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The Symbolical Career of Georgios Gemistos Plethon
Studies in Comparative Religion, Vol. 8, No. 2 (Spring 1974)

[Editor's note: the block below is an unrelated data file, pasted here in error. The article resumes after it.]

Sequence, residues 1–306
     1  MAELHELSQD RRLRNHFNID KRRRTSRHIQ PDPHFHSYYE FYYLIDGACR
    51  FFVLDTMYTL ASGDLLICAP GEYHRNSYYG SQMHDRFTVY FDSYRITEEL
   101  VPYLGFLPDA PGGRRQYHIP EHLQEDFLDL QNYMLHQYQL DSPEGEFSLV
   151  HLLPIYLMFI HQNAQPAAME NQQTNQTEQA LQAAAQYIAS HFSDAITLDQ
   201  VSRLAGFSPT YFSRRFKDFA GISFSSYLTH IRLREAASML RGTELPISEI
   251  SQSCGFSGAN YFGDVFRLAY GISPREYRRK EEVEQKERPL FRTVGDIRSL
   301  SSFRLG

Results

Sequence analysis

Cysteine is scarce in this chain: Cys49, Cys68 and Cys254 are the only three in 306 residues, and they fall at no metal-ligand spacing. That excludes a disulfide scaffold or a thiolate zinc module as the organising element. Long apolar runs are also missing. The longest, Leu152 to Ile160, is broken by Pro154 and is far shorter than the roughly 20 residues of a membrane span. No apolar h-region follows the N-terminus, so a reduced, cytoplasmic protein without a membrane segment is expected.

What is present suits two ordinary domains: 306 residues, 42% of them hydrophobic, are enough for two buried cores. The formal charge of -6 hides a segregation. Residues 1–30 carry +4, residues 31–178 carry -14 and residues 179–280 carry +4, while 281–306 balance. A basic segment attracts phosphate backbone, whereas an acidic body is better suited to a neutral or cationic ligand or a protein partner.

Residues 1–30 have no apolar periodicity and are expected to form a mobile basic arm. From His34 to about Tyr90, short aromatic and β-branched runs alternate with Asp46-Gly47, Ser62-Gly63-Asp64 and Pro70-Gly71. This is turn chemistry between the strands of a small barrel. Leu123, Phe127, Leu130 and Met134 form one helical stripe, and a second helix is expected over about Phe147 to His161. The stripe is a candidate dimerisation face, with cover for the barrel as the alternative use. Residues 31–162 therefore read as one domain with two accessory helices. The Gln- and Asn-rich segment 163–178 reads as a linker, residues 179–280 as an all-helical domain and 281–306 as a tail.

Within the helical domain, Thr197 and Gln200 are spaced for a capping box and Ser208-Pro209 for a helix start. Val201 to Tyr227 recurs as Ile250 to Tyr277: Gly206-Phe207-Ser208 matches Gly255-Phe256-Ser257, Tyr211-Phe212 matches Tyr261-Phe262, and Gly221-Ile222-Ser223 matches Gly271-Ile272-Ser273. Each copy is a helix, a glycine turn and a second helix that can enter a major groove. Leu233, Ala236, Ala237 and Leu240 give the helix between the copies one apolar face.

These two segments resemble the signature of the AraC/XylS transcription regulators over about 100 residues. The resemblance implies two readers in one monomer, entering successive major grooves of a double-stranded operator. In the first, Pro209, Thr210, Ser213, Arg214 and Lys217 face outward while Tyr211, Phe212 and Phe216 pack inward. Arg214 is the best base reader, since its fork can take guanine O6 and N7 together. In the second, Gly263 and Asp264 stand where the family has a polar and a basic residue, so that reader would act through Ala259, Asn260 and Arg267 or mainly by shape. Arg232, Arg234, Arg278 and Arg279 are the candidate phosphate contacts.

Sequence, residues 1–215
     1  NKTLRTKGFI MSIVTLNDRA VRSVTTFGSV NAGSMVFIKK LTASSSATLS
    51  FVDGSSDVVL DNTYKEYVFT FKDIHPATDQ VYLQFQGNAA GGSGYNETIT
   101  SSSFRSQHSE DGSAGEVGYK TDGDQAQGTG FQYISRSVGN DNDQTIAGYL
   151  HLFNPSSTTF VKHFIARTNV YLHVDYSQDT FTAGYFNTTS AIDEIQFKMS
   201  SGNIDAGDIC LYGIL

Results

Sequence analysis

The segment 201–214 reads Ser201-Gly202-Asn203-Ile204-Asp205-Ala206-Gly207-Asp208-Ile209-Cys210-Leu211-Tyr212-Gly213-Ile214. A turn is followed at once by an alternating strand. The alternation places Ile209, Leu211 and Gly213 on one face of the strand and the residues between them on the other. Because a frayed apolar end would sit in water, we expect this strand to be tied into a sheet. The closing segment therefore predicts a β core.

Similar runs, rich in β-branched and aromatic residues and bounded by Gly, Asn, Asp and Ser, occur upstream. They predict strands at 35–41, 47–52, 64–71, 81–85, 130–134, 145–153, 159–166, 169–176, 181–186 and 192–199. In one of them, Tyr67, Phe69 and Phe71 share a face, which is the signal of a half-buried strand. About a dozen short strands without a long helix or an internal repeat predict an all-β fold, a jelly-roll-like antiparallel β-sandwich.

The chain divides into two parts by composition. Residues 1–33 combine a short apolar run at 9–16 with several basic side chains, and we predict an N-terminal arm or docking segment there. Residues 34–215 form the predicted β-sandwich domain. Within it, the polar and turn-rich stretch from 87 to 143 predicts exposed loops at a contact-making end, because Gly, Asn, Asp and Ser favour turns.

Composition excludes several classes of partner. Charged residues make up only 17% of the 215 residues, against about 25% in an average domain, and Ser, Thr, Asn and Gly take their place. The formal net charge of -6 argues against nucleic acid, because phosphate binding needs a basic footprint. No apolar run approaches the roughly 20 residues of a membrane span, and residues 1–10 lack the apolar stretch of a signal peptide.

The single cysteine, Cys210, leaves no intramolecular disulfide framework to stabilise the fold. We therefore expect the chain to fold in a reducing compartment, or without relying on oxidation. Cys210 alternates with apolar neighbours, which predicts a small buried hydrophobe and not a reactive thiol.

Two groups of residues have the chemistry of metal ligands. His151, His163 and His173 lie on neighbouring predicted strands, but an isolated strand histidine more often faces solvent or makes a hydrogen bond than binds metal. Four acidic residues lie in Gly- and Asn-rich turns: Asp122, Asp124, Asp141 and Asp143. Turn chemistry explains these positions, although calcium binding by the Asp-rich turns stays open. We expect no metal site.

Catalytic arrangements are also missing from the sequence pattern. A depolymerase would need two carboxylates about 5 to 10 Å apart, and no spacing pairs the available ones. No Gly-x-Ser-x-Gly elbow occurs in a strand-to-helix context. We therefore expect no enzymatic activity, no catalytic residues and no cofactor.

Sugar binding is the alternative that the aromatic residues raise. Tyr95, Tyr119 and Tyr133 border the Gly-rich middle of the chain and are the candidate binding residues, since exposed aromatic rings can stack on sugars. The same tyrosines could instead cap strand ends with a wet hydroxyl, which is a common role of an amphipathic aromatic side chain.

In the middle of the 14th century Georgios Gemistos Plethon was born in Constantinople. Little is known of the career of this man, and of this little nothing is very remarkable. It appears that he lived for many years at Mistra in the Peloponnese, where he settled when he was quite young and where he became a judge. He was a representative of the Orthodox Church at the Council held at Florence in 1439 on the question of the unity of the Eastern and Western Churches (it was then that he added ‘Plethon’ to his name); and it was at Florence also that he gained the admiration of Cosimo de’ Medici. He died in 1450; and fifteen years after his death a Venetian general, Sigismonda Pandolfo Malatesta, transferred his remains from Mistra to the Church of St. Francesco at Rimini and enclosed them in a marble tomb on which, in Latin, a suitable inscription was written. Yet it has been said with reference to Gemistos that ‘the Renaissance can point to many a career which is greater, but none which is so strangely symbolical.